Sucheta Dalal :Be careful with ayurvedic drugs
Sucheta Dalal

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Be careful with ayurvedic drugs  

December 8, 2005

Labels of 18 Ayurvedic Medicines Violate Drugs and Cosmetics Rules


INSIGHT — The Consumer Magazine (November-December 2005) has published the findings of a study of labels of 18 ayurvedic medicines made in India. The medicines were selected on the basis of studies in the US and Canada.


None of these widely sold products declared on their labels the presence of heavy metals — lead, mercury and/or arsenic — that they contained according to a study (based on testing) published in the Journal of the American Medical Association (JAMA) and testing by Health Canada, the Canadian government’s health department. Health Canada has warned consumers against using some of these Indian Ayurvedic products.


As per the Drugs and Cosmetics Rules, 1945, the medicines have to mention all the ingredients. Even though one brand mentioned mercury, it contained lead, mercury and arsenic and that too above acceptable levels. Many of the medicines covered by JAMA are recommended for children.


Lead Poisoning


Out of the 14 medicines covered by JAMA, 13 had lead above acceptable levels. Lead accumulation in the body leads to lead poisoning which has adverse effects on health like damage to the kidneys, liver, heart and central nervous system. In children, it is associated with learning disabilities, hearing problems and growth retardation.


The medicines with very high content of heavy metals were Mahayogaraj Guggulu with Silver and Makardhwaj (Baidyanath), Mahalaxmi Vilas Ras with Gold (Baidyanath), Navratna Rasa (Unjha Pharmacy) and Swarna Mahayograj Gugglu with Gold (Baidyanath). Products of big companies like Dabur and Zandu are also on the caution list. (See table for details)


In 1992 CERS had also sent some widely sold ayurvedic medicines to the Food and Drugs Laboratory, Vadodara, for testing the lead content. An analysis showed that the lead content in, among others, Suvarna Vasant Malati Bruhat (Raka Laboratories), was 3.73 per cent. At the recommended dosage of two pills twice a day this works out to a lead consumption of 149.3 mg per week which is nearly 50 times the maximum limit set by the World Health Organisation (WHO) of 3 mg per week. CERS has filed a case which is pending before the National Commission.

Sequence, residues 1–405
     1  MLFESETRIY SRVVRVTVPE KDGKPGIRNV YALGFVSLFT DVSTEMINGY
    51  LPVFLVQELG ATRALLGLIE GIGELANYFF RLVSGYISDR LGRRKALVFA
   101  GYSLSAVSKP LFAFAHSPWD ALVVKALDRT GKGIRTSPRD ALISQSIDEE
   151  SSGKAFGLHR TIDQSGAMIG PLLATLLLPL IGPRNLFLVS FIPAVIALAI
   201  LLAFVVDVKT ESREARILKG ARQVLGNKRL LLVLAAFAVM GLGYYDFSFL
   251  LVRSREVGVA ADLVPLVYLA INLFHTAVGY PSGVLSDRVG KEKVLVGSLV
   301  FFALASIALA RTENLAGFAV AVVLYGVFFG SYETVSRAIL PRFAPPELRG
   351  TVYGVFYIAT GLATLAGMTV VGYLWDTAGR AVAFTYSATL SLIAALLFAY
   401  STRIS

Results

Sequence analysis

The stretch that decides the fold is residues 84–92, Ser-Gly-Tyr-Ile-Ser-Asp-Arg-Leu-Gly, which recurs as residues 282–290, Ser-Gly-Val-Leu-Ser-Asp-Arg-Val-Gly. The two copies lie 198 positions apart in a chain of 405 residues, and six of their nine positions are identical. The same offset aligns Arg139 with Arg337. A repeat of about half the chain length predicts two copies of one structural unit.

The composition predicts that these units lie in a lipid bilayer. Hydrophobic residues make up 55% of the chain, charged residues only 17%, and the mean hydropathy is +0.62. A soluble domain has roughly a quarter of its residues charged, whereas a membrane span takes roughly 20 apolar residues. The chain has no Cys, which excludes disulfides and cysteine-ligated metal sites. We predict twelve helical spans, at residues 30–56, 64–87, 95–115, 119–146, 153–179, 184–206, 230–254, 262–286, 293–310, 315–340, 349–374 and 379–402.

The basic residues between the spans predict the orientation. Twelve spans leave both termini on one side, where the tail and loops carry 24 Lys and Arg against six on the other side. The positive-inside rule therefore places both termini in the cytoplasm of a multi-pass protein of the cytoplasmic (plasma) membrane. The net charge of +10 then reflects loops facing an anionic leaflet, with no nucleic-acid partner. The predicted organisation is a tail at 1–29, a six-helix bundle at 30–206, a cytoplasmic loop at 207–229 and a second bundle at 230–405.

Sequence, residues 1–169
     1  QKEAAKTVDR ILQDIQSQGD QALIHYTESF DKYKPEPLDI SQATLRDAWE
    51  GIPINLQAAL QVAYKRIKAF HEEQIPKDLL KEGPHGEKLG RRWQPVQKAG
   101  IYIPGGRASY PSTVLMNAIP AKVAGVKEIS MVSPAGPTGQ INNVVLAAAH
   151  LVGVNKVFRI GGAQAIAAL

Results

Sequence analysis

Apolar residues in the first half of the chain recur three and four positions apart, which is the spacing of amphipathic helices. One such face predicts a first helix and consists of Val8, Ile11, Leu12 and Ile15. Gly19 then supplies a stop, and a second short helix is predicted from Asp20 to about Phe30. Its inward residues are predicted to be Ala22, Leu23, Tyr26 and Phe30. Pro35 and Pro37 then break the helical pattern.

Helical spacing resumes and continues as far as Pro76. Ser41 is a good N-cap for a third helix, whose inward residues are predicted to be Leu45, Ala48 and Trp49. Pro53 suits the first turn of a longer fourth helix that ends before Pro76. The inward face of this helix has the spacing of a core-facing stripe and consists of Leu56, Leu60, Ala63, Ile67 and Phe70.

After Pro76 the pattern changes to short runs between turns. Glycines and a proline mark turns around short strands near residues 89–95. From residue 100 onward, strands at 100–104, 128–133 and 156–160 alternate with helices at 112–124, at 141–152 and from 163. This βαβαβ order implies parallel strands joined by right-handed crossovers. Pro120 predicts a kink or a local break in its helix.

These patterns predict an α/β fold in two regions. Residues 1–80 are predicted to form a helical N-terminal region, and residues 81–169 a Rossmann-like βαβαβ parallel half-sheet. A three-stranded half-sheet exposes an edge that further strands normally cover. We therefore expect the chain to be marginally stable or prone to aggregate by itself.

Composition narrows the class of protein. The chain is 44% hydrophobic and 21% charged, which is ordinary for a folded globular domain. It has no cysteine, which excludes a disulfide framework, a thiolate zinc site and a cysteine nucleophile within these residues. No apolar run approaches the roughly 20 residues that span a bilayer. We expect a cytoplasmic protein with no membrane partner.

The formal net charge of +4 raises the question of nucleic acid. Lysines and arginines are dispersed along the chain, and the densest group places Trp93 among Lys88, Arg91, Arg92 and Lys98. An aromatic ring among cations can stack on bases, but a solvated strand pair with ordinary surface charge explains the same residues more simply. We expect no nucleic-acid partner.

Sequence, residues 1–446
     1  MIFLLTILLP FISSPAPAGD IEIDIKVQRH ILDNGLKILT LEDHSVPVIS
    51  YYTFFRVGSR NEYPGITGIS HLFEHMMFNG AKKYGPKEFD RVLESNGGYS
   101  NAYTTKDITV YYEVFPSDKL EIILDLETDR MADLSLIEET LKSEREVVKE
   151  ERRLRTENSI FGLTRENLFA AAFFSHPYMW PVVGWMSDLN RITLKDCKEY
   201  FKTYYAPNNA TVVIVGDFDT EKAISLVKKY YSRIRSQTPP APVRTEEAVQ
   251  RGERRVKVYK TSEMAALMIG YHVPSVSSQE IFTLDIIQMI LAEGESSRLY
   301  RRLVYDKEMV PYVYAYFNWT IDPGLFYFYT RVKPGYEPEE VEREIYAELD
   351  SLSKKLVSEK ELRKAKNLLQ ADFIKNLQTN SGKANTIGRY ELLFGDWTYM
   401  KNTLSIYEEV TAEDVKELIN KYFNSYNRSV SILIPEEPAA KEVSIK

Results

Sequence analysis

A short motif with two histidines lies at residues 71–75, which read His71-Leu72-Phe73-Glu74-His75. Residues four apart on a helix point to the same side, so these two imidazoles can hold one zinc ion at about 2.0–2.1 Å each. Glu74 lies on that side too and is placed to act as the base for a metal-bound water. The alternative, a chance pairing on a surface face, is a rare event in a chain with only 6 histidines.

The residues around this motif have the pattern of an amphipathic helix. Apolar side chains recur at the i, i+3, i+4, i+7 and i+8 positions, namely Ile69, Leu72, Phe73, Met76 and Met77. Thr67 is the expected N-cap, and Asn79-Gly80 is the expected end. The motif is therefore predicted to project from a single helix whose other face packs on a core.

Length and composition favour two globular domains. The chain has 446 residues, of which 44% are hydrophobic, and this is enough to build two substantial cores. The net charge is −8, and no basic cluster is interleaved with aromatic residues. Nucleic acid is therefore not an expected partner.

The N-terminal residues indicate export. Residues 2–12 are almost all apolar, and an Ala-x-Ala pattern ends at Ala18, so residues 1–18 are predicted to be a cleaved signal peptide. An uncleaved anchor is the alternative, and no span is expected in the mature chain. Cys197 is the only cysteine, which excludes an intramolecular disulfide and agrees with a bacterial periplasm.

Some quarters have, however, accused what they call the powerful multinational pharma lobby of instigating the reports in the US and Canada.


Government Position


CERS brought the JAMA article to the notice of the Department of AYUSH (Ayurveda, Yoga & Naturopathy, Unani, Siddha and Homoeopathy) through the Ministry of Consumer Affairs, Government of India. The department responded that mentioning the list of all ingredients along with the quantity of each is mandatory.


Further, the department has informed CERS that it has directed the Drug Controller General of India and state drug controllers to ensure that the labels of the medicines give details of composition for the information of consumers.


Meanwhile, the testing of all herbal medicines in India (ayurvedic, unani and siddha) for heavy metals will soon be compulsory. From January 1, 2006, every licensed manufacturer of herbal products in the country will have to declare ‘heavy metals within permissible limits’ on their containers before exporting them. It is disturbing that domestic consumers are not being protected by this directive.


Inadequate Labelling


As per Rule 161 of the Drugs and Cosmetics Rules, medicines containing poisonous substances like mercury, arsenic and red oxide of lead have to carry a warning. Only four of the products studied carried this warning.


Some of them — Maha Sudarshan Churna manufactured by Zandu and that made by D & K Pharmacy, Karela Tablet (Shriji Herbal Products) and Balguti Kesaria (Kesari Ayurvedic Pharmacy) — omitted the ingredients and their quantity. None mentioned the method of preparation, but some referred to the ayurvedic text which would have the method of preparation.


CERS Action


CERS has decided to take up the issue of inadequate labelling with the manufacturers and make a representation to the Gujarat State Food and Drug Control Administration for action. There should be no compromise in ensuring that manufacturers give the required information and CERS will campaign on this.


Details of the label study and the debate on use of heavy metals in ayurvedic medicines have been published in the November-December 2005 issue of Insight.

-- Sucheta Dalal